Tetramorium legone

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Tetramorium legone
Scientific classification
Kingdom: Animalia
Phylum: Arthropoda
Class: Insecta
Order: Hymenoptera
Family: Formicidae
Subfamily: Myrmicinae
Tribe: Crematogastrini
Genus: Tetramorium
Species: T. legone
Binomial name
Tetramorium legone
Bolton, 1980

Tetramorium legone casent0901170 p 1 high.jpg

Tetramorium legone casent0901170 d 1 high.jpg

Specimen Labels

Nothing is known about the biology of Tetramorium legone.


A member of the Tetramorium angulinode species group.

Bolton (1980) - Amongst all African Tetramorium with 11-merous antennae T. legone is unique in having the base of the first gastral tergite densely sculptured. Like the closely related Tetramorium calinum this species inhabits open, sandy soils. The relationship of T. legone to calinum may be closer than is indicated by the material presently available. As can be seen in the type-series of legone the area of the first tergite covered by sculpture is variable, and if some specimens were found in which this sculpture was very reduced they would be difficult to separate from T. calinum. It is quite possible that T. legone and T. calinum may represent two extremes of a single variable species.

Keys including this Species


Distribution based on Regional Taxon Lists

Afrotropical Region: Benin, Ghana (type locality), Nigeria.

Distribution based on AntMaps


Distribution based on AntWeb specimens

Check data from AntWeb




The following information is derived from Barry Bolton's Online Catalogue of the Ants of the World.

  • legone. Tetramorium legone Bolton, 1980: 240 (w.) GHANA.

Unless otherwise noted the text for the remainder of this section is reported from the publication that includes the original description.



Holotype. TL 3-3, HL 0-76, HW 0-72, CI 95, SL 0-54, SI 75, PW 0-54, AL 0-86.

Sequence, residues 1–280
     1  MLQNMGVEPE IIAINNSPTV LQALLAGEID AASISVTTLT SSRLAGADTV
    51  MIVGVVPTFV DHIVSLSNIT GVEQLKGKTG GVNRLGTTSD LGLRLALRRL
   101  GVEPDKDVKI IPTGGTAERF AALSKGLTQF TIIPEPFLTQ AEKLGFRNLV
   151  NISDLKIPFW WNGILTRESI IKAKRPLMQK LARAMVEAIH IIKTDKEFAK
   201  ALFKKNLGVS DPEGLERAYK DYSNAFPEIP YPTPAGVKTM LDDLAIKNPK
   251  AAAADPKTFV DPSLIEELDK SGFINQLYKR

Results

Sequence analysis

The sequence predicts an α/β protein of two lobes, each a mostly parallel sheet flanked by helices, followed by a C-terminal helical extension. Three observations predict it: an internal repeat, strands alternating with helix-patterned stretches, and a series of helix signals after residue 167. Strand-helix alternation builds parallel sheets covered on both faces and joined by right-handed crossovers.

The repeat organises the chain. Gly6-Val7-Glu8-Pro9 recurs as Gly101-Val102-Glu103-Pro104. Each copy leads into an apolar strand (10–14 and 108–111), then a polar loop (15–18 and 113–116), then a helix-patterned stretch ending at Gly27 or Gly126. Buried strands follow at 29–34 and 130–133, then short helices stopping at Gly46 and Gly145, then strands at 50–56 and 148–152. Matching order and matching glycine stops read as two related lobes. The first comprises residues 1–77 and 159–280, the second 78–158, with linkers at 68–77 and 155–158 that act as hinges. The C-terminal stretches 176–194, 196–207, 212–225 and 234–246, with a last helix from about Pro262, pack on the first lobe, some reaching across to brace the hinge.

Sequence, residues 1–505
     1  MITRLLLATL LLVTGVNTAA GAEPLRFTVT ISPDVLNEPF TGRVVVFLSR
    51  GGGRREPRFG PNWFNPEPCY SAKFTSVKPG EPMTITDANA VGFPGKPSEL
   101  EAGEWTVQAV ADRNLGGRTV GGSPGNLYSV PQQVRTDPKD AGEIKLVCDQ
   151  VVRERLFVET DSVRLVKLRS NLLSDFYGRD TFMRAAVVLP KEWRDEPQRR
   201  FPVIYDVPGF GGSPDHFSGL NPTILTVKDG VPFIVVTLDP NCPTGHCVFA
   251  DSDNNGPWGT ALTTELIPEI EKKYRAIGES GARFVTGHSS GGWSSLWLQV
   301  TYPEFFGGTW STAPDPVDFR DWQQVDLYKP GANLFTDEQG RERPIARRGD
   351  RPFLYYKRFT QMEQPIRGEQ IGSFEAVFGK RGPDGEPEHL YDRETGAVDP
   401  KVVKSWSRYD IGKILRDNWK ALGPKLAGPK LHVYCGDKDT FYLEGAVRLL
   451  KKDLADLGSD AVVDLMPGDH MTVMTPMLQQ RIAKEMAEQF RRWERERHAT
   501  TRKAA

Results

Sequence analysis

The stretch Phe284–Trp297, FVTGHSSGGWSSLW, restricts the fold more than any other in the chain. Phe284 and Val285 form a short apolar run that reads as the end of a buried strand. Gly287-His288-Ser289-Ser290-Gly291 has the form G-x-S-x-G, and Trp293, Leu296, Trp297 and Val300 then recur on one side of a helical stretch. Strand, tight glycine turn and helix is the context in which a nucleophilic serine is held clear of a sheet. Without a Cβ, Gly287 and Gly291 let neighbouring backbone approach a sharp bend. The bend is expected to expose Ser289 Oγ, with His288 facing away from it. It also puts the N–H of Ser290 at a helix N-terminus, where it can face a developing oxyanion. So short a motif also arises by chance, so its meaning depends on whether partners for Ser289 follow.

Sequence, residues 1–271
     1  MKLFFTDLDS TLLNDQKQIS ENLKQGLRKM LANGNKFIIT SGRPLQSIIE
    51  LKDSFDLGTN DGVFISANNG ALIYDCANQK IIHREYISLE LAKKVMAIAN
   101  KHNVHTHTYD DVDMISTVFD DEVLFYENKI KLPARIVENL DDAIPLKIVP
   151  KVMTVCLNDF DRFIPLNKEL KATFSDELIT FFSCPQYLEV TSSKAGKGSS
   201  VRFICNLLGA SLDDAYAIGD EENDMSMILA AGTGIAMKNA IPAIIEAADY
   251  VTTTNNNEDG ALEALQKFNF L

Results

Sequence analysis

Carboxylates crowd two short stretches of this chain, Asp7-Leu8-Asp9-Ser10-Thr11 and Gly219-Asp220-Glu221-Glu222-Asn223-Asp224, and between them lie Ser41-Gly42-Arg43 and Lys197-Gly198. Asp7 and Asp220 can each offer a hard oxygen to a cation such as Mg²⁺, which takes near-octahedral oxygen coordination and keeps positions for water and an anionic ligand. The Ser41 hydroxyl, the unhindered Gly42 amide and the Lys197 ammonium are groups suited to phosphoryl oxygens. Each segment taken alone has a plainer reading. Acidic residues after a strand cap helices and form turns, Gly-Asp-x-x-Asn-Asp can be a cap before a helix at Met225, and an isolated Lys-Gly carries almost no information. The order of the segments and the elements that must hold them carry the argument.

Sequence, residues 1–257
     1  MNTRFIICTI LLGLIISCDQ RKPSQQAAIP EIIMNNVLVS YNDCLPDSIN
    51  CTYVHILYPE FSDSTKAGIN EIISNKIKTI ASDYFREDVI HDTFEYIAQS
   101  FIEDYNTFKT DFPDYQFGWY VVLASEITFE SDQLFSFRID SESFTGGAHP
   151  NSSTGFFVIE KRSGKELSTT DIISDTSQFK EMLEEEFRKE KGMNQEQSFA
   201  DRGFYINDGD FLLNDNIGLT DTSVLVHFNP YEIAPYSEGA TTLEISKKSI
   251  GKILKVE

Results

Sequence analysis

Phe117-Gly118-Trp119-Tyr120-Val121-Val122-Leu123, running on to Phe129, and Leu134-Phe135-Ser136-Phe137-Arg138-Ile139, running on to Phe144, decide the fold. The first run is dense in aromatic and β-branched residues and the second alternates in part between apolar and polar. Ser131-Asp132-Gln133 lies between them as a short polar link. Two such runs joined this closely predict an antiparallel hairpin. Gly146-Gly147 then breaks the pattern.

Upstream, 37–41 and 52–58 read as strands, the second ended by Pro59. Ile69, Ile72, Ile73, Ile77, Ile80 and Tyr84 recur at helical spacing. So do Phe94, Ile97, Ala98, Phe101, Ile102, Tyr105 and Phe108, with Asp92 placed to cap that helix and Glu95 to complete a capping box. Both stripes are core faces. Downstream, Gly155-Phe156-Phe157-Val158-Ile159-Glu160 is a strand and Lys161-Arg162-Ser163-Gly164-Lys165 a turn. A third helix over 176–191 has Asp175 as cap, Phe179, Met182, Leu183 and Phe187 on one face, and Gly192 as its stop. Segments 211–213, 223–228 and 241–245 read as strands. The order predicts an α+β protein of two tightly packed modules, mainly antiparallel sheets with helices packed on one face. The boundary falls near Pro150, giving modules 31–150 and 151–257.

Mandibles smooth and shining with scattered small pits. Anterior clypeal margin with a median impression. Antennal scrobes broad and conspicuous, bounded above by the strong frontal carinae and ventrally by longitudinal rugular sculpture running above the eye. Scrobe with a median longitudinal carina anteriorly which runs back at least to the level of the posterior margin of the eye and divides the scrobe into upper and lower sections. Pronotal corners in dorsal view sharply angular. Propodeal spines stout and acute, slightly downcurved along their length; metapleural lobes broadly triangular. Petiole in profile with the node roughly square, as high as long, the anterior and posterior faces parallel and the dorsum feebly convex. Postpetiole only slightly lower than petiole, rounded above. In dorsal view the petiole node slightly longer than broad, the postpetiole distinctly broader than long. Dorsum of head and alitrunk finely longitudinally rugulose, the spaces between rugulae everywhere blanketed by a dense, strong reticulatepuncturation. Pedicel segments more weakly rugulose, reticulate in places and having the strong, dense puncturation everywhere. Basal one-quarter of first gastral tergite extremely densely, finely punctulate; in places with the appearance of minute striation due to the alignment of adjacent punctures. Remainder of gaster smooth and shining. Fine, simple, acute short hairs dense on all dorsal surfaces of head and body; on the first gastral tergite they are subdecumbent to decumbent and on the posterior two-thirds of the segment are directed towards the midline. Colour dark brown, the gaster darker, blackish brown.

Type Material

Holotype worker, Ghana: Legon A.D., 22.iii.72 (D. Leston) (The Natural History Museum). Paratypes. Ghana: 5 workers with same data as holotype. Nigeria: 1 worker, 18 km N. of Mokwa,28.iv.77 (C. Longhurst). (BMNH; Musee d'Histoire Naturelle Genève; Museum of Comparative Zoology)


References based on Global Ant Biodiversity Informatics

  • Taylor B., N. Agoinon, A. Sinzogan, A. Adandonon, Y. N'Da Kouagou, S. Bello, R. Wargui, F. Anato, I. Ouagoussounon, H. Houngbo, S. Tchibozo, R. Todjhounde, and J. F. Vayssieres. 2018. Records of ants (Hymenoptera: Formicidae) from the Republic of Benin, with particular reference to the mango farm ecosystem. Journal of Insect Biodiversity 8(1): 006–029.